What is another word for thorium?

Pronunciation: [θˈɔːɹi͡əm] (IPA)

Thorium is a chemical element that is often used in nuclear reactors due to its radioactive properties. As a result, there are several possible synonyms that may be used to refer to thorium in various contexts. Some of the most commonly used terms include thorium dioxide, thorite, and thorianite. Other potential synonyms include thoracic acid, thorotrast, and thoron. In addition, there are many different chemical compounds that contain thorium, such as thorium nitrate, thorium fluoride, and thorium sulfate. Regardless of the specific word used to refer to thorium, it is an important element that has played a vital role in many industries over the years.

What are the hypernyms for Thorium?

A hypernym is a word with a broad meaning that encompasses more specific words called hyponyms.

Usage examples for Thorium

thorium also behaves in the same manner, transmuting into atoms called thorium X, which again change into atoms of another sort to which the name of thorium Emanations has been given and these in turn transmute into atoms of yet another kind, known as thorium Emanations X. The same is the case also with Uranium which, however, so far as is yet known, undergoes only one transmutation into what is known as Uranium X. The transmutation of one sort of atom into another is therefore not a mere visionary fancy, but an established fact; and although our laboratory experiments in this direction may not as yet have gone very far, they have gone far enough to show that a Law of Transmutation does exist in Nature.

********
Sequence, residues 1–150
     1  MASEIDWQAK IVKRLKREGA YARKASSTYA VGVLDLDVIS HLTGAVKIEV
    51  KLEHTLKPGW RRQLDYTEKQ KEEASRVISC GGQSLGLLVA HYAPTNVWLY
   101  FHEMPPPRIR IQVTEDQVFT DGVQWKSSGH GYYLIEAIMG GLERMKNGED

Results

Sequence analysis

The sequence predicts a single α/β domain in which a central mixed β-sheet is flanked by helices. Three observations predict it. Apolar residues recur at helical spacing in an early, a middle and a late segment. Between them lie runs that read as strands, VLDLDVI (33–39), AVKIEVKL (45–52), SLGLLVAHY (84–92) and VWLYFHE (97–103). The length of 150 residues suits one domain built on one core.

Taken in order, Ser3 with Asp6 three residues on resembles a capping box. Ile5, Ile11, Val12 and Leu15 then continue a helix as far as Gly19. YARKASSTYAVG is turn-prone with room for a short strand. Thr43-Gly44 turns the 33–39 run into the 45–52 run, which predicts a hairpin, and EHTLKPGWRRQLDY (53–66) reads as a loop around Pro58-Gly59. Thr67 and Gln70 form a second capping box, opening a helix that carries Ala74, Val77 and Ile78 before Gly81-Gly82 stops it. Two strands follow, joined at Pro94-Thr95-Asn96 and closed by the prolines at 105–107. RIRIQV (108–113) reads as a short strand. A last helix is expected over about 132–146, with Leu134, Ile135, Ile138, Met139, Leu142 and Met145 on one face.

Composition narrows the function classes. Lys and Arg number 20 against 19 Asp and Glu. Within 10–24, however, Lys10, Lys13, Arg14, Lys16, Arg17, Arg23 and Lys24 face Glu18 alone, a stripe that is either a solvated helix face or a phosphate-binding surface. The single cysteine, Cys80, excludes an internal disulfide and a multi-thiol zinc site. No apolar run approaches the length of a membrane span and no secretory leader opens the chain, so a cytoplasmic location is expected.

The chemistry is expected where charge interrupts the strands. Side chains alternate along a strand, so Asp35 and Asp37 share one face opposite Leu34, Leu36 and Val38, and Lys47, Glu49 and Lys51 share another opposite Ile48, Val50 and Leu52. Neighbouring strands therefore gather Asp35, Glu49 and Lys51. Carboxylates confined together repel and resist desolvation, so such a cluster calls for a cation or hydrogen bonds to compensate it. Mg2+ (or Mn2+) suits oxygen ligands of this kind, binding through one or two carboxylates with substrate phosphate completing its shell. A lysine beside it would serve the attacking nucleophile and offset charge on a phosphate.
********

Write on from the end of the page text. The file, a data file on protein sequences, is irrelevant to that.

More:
"The Law and the Word"
Thomas Troward
So Grant, by this time weary in the shoulders from carrying his equipment, turned down thorium Avenue toward Nellie's Boarding House.
"The Wealth of Echindul"
Noel Miller Loomis
But thorium mostly gives off the kind of radiation known as alpha particles.
"Rip Foster in Ride the Gray Planet"
Harold Leland Goodwin

Famous quotes with Thorium

  • We may not appreciate the fact; but a fact nevertheless it remains: we are living in a Golden Age, the most gilded Golden Age of human history — not only of past history, but of future history. For, as Sir Charles Darwin and many others before him have pointed out, we are living like drunken sailors, like the irresponsible heirs of a millionaire uncle. At an ever accelerating rate we are now squandering the capital of metallic ores and fossil fuels accumulated in the earth’s crust during hundreds of millions of years. How long can this spending spree go on? Estimates vary. But all are agreed that within a few centuries or at most a few millennia, Man will have run through his capital and will be compelled to live, for the remaining nine thousand nine hundred and seventy or eighty centuries of his career as Homo sapiens, strictly on income. Sir Charles is of the opinion that Man will successfully make the transition from rich ores to poor ores and even sea water, from coal, oil, uranium and thorium to solar energy and alcohol derived from plants. About as much energy as is now available can be derived from the new sources — but with a far greater expense in man hours, a much larger capital investment in machinery. And the same holds true of the raw materials on which industrial civilization depends. By doing a great deal more work than they are doing now, men will contrive to extract the diluted dregs of the planet’s metallic wealth or will fabricate non-metallic substitutes for the elements they have completely used up. In such an event, some human beings will still live fairly well, but not in the style to which we, the squanderers of planetary capital, are accustomed.
    Aldous Huxley

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